Tutorial - Notepad

This tutorial explains how to automate the opening of Notepad, automatically type some text and then close Notepad. It is assumed that you are already familiar with creating and running AutoIt scripts as shown in the HelloWorld tutorial.

 

First create an empty script called npad.au3 and then edit the file (using Notepad or SciTE as you prefer).

 

The first thing we need to know is the name of the Notepad executable. It is notepad.exe - you can get this information by looking at the properties of the Notepad shortcut icon in the Start Menu. To execute Notepad we use the AutoIt Run function. This function simply launches a given executable and then continues.

Type in the first line of script as:

Run("notepad.exe")

 

Run the script - if all goes well then a new instance of Notepad should open.

When automating applications AutoIt can check for window title so that it knows which window it should work with. With Notepad the window title is obviously Untitled - Notepad. AutoIt is case-sensitive when using window titles so you must get the title exactly right - the best way to do this is to use the AutoIt Window AutoIt v3 Window Info. Run the AutoIt v3 Window Info from Start Menu \ AutoIt v3 \ AutoIt Window Info.

With the Info Tool open click on the newly opened Notepad window to activate it; the Info Tool will give you information about it. The information we are interested in is the window title.

 

Highlight the title in the AutoIt Info Tool window and press CTRL-C to copy it to the clipboard - we can then paste the title into our script without fear of misspelling it.

After Running a copy of Notepad we need to wait for it to appear and become active before we send any keystrokes. We can wait for a window using the WinWaitActive function. Most window-related functions in AutoIt take a window title as a parameter.

Enter the following as the second line in the script (use CTRL-V or Edit\Paste to paste our window title from the clipboard).

WinWaitActive("Untitled - Notepad")

 

After we are sure the Notepad window is visible we want to type in some text. This is done with the Send function.

Add this line to our script.

Send("This is some text.")

 

The entire script will now look like this:

Run("notepad.exe")
WinWaitActive("Untitled - Notepad")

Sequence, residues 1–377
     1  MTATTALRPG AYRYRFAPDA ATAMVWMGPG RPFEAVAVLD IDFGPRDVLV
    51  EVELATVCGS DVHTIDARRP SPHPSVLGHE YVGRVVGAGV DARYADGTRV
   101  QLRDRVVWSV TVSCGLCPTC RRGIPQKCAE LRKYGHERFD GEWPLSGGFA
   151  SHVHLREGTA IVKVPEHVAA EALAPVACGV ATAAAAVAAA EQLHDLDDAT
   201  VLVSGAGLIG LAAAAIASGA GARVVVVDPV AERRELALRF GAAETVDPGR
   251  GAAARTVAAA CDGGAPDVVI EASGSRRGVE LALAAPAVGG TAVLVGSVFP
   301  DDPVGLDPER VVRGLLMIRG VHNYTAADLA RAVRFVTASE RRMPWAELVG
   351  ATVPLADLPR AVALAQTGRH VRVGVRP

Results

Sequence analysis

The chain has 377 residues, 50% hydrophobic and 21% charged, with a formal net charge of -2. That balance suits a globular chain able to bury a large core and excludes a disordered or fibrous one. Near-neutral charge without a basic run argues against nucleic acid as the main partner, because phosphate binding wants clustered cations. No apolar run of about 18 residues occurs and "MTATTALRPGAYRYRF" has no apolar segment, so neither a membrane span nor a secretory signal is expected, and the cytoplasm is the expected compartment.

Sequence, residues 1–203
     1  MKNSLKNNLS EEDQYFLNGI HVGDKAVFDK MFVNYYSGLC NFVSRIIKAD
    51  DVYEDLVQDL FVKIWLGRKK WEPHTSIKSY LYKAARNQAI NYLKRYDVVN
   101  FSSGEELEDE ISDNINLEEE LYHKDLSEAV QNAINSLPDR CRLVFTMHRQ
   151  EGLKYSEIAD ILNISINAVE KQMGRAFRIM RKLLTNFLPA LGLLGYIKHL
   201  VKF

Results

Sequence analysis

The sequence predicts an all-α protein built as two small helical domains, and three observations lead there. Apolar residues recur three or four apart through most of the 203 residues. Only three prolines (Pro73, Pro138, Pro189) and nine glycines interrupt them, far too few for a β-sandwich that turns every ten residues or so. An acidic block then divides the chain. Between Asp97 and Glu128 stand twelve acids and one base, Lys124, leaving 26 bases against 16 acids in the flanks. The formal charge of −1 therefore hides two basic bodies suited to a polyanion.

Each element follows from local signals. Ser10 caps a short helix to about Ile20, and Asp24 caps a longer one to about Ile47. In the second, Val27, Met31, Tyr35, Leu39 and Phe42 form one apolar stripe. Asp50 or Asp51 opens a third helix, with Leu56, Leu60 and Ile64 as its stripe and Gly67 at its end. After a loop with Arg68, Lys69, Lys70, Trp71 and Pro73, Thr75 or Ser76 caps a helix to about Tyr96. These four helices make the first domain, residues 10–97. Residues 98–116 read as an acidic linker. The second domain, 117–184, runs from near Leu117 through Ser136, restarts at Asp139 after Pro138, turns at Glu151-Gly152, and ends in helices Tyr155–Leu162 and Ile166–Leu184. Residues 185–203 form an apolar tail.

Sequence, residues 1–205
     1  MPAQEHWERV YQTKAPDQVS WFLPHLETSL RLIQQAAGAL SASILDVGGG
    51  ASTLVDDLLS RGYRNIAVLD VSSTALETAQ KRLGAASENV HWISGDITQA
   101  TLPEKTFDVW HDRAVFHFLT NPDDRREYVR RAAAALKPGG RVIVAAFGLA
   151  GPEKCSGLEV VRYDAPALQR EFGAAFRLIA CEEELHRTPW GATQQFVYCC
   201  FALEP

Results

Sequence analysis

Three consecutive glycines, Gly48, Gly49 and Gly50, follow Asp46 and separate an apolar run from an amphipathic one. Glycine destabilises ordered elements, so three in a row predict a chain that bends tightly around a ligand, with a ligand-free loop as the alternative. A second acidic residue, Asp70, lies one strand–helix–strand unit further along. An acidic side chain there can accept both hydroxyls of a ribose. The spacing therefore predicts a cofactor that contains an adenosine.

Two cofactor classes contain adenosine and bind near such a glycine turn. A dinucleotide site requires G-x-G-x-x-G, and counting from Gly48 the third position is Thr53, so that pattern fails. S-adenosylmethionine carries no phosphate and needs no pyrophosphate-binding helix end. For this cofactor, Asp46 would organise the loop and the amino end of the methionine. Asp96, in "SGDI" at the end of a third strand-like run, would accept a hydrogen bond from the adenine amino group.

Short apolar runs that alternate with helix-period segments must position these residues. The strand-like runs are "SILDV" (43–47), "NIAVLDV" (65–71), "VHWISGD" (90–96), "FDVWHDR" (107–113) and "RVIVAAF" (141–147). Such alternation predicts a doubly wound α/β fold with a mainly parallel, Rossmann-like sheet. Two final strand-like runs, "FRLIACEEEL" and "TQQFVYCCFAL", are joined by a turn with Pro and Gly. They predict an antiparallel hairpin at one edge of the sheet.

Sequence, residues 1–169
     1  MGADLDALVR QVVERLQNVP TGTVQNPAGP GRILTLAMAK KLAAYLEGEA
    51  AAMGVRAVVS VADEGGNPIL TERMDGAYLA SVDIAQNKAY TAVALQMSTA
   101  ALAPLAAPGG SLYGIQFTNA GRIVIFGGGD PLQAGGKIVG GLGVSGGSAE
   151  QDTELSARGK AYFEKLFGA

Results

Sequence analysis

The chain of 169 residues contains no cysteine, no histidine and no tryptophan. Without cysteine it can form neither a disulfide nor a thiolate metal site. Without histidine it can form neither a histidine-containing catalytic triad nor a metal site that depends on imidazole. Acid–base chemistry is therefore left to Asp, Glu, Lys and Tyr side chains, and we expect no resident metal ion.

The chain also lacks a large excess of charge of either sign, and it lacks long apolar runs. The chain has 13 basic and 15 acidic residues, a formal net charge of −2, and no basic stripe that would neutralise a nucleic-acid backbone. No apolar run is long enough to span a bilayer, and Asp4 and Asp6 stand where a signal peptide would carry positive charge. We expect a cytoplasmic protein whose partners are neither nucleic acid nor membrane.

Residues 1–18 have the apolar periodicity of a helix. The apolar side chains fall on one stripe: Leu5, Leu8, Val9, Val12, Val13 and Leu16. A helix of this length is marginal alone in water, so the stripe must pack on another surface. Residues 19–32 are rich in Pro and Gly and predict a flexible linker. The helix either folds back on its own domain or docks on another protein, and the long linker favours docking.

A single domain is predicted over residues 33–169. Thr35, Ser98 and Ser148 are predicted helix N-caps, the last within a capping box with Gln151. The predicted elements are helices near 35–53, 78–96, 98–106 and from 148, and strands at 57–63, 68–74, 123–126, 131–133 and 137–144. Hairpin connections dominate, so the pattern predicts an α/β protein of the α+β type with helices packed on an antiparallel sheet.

Send("This is some text.")

 

Close the copy of Notepad that we previously opened (you will need to do this every time you run the script otherwise you will end up with lots of copies running!). Run the script.

You should see Notepad open, and then some text will magically appear!


Next we want to close notepad, we can do this with the WinClose function.

WinClose("Untitled - Notepad")

 

When Notepad tries to close you will get a message asking you to save the changes. Use the Window Info Tool to get details of the dialog that has popped up so that we can respond to it :)

 

So, we add a line to wait for this dialog to become active (we will also use the window text to make the function more reliable and to distinguish this new window from the original Notepad window):

WinWaitActive("Notepad", "Save")

 

Next we want to automatically press Alt-N to select the No/Don't save button (Underlined letters in windows usually indicate that you can use the ALT key and that letter as a keyboard shortcut). In the Send function to send an ALT key we use ! .

Send("!n")

 

Our complete script now looks like this:

Run("notepad.exe")
WinWaitActive("Untitled - Notepad")
Send("This is some text.")
WinClose("Untitled - Notepad")
WinWaitActive("Notepad", "Save")
;WinWaitActive("Notepad", "Do you want to save") ; When running under Windows XP
Send("!n")

 

Run the script and you'll see Notepad open, some text appear and then close! You should be able to use the techniques learned in this tutorial to automate many other applications.